The freeze plug next to the right motor mount on my 91 dodge 1/2 ton truck with the 318 decided to take a crap almost leaving me stranded. While looking for a replacement, I did not see any stailess steel plugs which is what I would prefer to install. Found steel and brass in both deep and shallow. I’m leaning toward the brass. I also found expansion type plugs that are bolted down the center. Are these reliable or more of just a quick fix? Need to get this fixed asap as this is my money maker and just looking for some insight.
I used the expansion type of plug on a car I had and kept driving it for another several years, never giving it another thought. I also used one of these plugs once to fix a hole at the bottom of a commercial stainless steel 3-compartment sink after we moved it and didn’t need whatever accessory passed through there. (I don’t remember why any more) That repair lasted many years and may still be going, but I got out of that business.
My only thoughts about brass vs. steel are that brass may not expand/contract at the same rate as the steel plug, and there may be some kind of electrolysis effects that corrode the block around the plug, while a steel plug may be prone to rust. However, either would likely last the remaining life of the vehicle, as no doubt an expansion plug would too.
Removing and installing freeze plugs can be a difficult job, especially in 22 year old trucks…I would go with the rubber expansion plug as they are considered a permanent repair…Don’t be surprised if more of those plugs start leaking…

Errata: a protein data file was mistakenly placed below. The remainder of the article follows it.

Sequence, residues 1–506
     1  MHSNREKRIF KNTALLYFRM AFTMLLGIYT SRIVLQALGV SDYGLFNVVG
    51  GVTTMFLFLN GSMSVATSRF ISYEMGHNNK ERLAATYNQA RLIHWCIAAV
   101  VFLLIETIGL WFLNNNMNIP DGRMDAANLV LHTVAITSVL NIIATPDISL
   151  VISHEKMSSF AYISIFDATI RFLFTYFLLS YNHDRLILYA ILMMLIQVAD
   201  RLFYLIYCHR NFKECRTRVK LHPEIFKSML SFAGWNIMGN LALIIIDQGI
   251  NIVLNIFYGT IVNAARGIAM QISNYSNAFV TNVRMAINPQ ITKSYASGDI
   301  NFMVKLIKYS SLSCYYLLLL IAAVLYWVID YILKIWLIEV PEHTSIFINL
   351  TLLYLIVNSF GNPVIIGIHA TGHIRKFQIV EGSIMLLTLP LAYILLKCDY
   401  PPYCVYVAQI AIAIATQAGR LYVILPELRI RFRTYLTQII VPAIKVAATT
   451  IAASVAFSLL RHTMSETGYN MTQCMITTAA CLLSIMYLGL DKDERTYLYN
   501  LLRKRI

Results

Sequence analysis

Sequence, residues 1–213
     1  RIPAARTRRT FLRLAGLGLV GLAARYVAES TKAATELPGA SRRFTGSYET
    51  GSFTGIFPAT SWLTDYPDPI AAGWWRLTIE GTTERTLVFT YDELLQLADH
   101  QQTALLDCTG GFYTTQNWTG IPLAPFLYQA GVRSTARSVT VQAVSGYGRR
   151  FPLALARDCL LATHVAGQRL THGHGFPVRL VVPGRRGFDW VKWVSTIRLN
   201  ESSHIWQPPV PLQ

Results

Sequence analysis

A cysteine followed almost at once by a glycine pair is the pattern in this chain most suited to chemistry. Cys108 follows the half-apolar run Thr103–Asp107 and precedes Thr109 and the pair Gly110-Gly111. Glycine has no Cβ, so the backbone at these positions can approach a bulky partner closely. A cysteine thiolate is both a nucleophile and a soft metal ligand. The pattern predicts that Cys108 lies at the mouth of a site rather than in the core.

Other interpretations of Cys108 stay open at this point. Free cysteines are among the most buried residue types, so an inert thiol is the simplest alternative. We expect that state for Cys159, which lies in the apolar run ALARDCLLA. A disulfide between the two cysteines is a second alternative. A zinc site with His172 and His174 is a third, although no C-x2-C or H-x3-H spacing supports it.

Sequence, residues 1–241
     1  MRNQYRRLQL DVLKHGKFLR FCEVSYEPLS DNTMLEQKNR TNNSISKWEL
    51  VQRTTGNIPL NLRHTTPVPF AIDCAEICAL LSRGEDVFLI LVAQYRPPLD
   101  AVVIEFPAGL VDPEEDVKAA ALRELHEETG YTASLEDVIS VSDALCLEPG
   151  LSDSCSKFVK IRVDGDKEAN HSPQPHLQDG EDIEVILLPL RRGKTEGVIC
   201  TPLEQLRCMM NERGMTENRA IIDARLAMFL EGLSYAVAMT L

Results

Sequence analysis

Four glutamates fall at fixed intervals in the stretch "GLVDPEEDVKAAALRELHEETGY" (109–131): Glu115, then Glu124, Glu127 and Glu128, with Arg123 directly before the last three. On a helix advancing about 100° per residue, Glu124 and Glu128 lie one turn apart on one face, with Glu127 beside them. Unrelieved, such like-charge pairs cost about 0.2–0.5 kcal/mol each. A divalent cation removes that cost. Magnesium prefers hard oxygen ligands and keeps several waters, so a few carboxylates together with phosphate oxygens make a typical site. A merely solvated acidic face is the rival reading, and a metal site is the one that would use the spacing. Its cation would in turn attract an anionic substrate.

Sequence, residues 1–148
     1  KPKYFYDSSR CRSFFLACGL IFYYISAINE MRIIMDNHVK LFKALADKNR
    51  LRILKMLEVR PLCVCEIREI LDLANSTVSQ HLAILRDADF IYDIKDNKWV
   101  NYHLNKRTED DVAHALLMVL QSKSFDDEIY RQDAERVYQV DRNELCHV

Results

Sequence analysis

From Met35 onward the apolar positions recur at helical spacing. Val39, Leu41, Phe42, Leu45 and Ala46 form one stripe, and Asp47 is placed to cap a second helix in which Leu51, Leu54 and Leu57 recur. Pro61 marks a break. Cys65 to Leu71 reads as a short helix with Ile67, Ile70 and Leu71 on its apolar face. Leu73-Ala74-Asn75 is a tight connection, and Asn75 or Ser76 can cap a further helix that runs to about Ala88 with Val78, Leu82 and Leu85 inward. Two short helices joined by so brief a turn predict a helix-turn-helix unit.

I have never seen a stainless steel freeze plug, I have only seen them in brass and aluminum. Aluminum has been used in all engines from the factory since the 60’s, prior to that, brass was the predominant material for freeze plugs. I have never had a problem using either as a replacement, never tried the rubber type so I can’t say anything about those.
If you have an aluminum radiator, you need to use the aluminum freeze plug, not the brass.
I would not worry about getting the old plug out either, I always just knocked them into the block and put in the new freeze plug. The old one will settle to the bottom of the block where it won’t do any damage, at least that is true on old American iron engine, not sure about the new all aluminum engines as teh blocks don’t have the deep water jackets the old engines had.
Aluminum? All the freeze plugs I dealt with were steel, in the 70s. I would think aluminum would create the risk of electrolytic corrosion in an iron block.
I’ve never seen an aluminum block plug; only brass or plated steel.
The ones I replaced, I was able to drive a narrow-bladed screwdriver through the corroded metal and pry the remains of the plug out of the block. They appeared to be steel, as they were rusted.
The plain steel freeze plug will work fine and certainly outlast the other freeze plugs on the engine. The only reason to use the rubber plug is if you don’t have room to drive in a new steel plug. I also never had a problem removing om
e by punching through it with a hammer and screwdriver and prying it out.
I usually used an appropiate length of a wooden broom handle to drive in the new one.
I stand corrected on the aluminum plugs, I think they were aluminized steel, that is steel with an aluminum plating to resist corrosion, they had an aluminum looking finish anyway. But I still have never seen a stainless steel freeze plug. The reason you would never use stainless steel is because it is a less active metal.
If you are going to get dissimilar metal corrosion, you want the removable part to be made from a more active metal. A freeze plug is cheaper than an engine block.
It has been a long time since I have had to deal with a freeze plug and I pretty sure I recall seeing aluminum plugs. The last one I changed I think was on my 66 Dodge back in 77.
Changed the offending plug…While underneath the “beast”, found another freeze plug that had a small defect. Changed both plugs with the regular coated steel plugs. Double flushed the cooling system and filled with fresh coolant. Back to normal operation.
At least it wasn’t one of the plugs behind the flexplate or flywheel as the case may be…
Even if it was behind the block on the automatic 3 speed stock set-up, I would still take a day and remove the trans and get her back on the road.